Is your business an S corporation? Then you should not have any nonresident alien shareholders since NRAs are not eligible S corporation shareholders. Owners of S corporation stock do not have to be U.S. citizens, but they must be U.S. residents as defined by the tax code.

A situation can arise if a foreign owner who was previously a U.S. resident (and thus an eligible shareholder) moves back overseas and is no longer considered a U.S. resident. Unless that owner relinquishes his or her ownership prior to the loss of U.S. residency status, there will be an inadvertent termination of the corporation’s S status. This can have undesired tax consequences.

Selling to foreign customers 

If your business sells product to or buys product from a foreign affiliated entity, the price of that product will be subject to a body of law called the transfer-pricing rules. These rules are set up so that companies cannot shift profits to more tax-favorable countries through the pricing of the product.

Sales to a foreign customer may be subject to foreign income-tax withholding, foreign sales taxes, and/or foreign value-added taxes (VAT) in that foreign country. It is important to understand any foreign taxes that will be borne by your business before you price a product to a foreign customer.

You will need to determine whether the foreign tax is actually due to that foreign government. The tax might be refundable if certain forms are remitted to the foreign government or reduced because of a treaty between the foreign country and the United States.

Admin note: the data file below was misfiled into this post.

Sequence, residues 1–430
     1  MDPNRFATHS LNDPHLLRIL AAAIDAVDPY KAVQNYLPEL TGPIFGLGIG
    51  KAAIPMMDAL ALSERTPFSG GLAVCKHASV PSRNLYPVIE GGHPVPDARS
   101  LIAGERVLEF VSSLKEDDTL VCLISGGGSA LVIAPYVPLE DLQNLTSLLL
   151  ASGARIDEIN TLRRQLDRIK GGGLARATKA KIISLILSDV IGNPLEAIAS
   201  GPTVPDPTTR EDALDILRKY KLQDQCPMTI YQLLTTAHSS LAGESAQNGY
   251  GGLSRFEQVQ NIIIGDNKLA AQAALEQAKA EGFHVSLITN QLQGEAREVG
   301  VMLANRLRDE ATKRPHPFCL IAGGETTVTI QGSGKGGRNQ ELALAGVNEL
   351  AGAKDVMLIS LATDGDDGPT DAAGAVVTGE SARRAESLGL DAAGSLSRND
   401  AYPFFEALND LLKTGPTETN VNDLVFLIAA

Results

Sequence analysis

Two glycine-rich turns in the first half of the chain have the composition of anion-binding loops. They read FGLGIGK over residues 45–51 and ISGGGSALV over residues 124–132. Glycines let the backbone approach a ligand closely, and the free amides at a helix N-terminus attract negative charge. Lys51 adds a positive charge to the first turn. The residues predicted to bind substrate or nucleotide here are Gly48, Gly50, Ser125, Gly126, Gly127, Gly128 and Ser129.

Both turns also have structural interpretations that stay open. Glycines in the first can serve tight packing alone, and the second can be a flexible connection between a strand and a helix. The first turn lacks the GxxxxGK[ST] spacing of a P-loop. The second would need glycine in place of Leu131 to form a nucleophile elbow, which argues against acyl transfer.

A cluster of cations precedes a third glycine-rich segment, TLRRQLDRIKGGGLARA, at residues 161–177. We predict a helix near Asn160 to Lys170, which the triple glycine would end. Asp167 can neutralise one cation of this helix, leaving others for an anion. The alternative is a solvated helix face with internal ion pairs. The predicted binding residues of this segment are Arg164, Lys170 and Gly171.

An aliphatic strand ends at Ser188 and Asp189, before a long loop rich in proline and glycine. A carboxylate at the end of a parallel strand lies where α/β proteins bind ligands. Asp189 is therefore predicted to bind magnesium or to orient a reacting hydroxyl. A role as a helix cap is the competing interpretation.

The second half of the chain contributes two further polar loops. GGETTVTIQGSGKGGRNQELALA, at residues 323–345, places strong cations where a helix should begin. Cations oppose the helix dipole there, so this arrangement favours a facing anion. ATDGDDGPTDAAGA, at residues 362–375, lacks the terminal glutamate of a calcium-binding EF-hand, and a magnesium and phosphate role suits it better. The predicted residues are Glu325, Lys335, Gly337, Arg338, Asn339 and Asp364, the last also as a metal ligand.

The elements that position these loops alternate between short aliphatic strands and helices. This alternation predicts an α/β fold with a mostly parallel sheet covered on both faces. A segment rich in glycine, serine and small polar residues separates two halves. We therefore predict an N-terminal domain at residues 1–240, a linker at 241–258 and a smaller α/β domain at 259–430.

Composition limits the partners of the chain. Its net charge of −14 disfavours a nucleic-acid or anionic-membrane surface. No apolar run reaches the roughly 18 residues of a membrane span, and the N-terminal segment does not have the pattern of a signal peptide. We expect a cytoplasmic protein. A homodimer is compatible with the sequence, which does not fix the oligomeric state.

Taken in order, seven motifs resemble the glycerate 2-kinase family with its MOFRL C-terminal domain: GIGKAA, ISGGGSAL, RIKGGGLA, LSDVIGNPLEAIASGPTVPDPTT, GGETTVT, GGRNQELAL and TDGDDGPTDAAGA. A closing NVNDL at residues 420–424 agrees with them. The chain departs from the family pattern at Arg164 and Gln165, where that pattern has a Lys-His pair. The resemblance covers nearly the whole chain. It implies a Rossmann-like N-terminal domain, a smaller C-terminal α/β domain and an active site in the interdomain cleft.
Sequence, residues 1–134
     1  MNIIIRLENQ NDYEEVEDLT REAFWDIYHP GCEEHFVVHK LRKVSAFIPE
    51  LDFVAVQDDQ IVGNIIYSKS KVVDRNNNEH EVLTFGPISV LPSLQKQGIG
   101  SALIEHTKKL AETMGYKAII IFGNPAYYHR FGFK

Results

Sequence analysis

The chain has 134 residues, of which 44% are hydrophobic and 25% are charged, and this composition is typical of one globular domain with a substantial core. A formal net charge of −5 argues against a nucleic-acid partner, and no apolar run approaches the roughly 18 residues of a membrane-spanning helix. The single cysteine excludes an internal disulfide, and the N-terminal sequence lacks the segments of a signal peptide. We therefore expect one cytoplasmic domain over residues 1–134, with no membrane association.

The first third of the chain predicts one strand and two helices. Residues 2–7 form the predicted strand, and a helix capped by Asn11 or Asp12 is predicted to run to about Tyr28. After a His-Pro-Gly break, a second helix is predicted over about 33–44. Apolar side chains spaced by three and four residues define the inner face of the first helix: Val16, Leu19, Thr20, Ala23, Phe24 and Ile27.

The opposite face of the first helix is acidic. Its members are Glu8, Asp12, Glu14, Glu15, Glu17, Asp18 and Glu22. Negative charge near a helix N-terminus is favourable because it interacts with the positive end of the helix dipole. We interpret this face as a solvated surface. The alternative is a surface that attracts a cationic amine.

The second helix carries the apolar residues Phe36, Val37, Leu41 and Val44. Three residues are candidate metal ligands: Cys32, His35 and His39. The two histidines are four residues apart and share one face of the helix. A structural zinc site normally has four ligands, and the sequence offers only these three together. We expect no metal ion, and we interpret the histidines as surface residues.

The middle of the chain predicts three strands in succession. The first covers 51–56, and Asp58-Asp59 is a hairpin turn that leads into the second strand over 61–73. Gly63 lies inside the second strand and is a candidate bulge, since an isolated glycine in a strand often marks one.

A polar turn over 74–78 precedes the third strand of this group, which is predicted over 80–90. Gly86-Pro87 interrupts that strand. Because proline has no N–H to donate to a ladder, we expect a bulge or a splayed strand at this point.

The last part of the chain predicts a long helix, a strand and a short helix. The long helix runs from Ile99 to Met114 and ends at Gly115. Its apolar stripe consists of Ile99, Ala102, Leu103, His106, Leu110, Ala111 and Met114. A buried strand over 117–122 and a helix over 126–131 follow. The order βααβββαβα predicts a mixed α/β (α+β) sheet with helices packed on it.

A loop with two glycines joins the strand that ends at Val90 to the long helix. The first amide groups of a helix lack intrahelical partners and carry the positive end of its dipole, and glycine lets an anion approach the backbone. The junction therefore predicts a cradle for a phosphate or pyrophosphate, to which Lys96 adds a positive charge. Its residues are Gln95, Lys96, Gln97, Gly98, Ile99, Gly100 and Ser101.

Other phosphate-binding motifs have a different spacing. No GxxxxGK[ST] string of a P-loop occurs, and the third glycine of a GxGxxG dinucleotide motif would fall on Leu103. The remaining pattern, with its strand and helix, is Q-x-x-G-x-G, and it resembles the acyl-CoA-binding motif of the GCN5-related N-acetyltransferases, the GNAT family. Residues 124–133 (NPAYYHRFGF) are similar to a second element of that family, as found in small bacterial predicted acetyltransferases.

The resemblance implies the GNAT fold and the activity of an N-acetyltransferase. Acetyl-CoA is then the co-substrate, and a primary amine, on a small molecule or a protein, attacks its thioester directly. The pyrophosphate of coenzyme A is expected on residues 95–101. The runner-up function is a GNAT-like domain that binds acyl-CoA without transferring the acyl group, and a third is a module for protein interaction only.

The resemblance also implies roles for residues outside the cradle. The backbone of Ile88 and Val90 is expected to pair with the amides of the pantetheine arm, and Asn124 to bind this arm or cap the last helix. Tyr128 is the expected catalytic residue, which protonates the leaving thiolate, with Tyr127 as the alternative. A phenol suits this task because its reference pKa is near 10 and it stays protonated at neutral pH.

Although a credit is allowed against a business’s U.S. tax liability for foreign taxes paid, the foreign tax-credit rules are deceptively complex. A credit is only allowed for income taxes (not sales tax or VAT), the taxes must be owed to that foreign country (not refundable), and U.S. tax law must consider the income on which the foreign taxes were paid to be “foreign sourced income.” Thus, it’s important to look at the foreign-tax situation from both the foreign and U.S. perspective to minimize the overall tax burden.

Owning foreign accounts 

Some businesses set up accounts in other countries to simplify payment by their foreign customers. There are disclosure requirements associated with having a financial interest in, or having signature authority over, foreign accounts. Some of the highest penalties are associated with failure to properly disclose foreign accounts.

Not only might your business have a disclosure requirement if it owns a foreign account, but the business owners — and even certain employees — may also face disclosure requirements due to having the ability to sign checks or initiate account transactions.

This is just a brief discussion of some of the more common ways that Central New York businesses might cross paths with U.S. international tax and disclosure requirements. As with most tax law, the rules are complex. If your business has foreign-entity owners, has an ownership interest in a foreign entity, or is operating in a foreign country, those complexities can increase exponentially.

The global economy offers exciting opportunities for business of all sizes. Navigating the tax implications as your business grows and evolves is one part of ensuring a smooth journey. 

Linda Bruckner, CPA, is a partner at Sciarabba Walker & Co., LLP.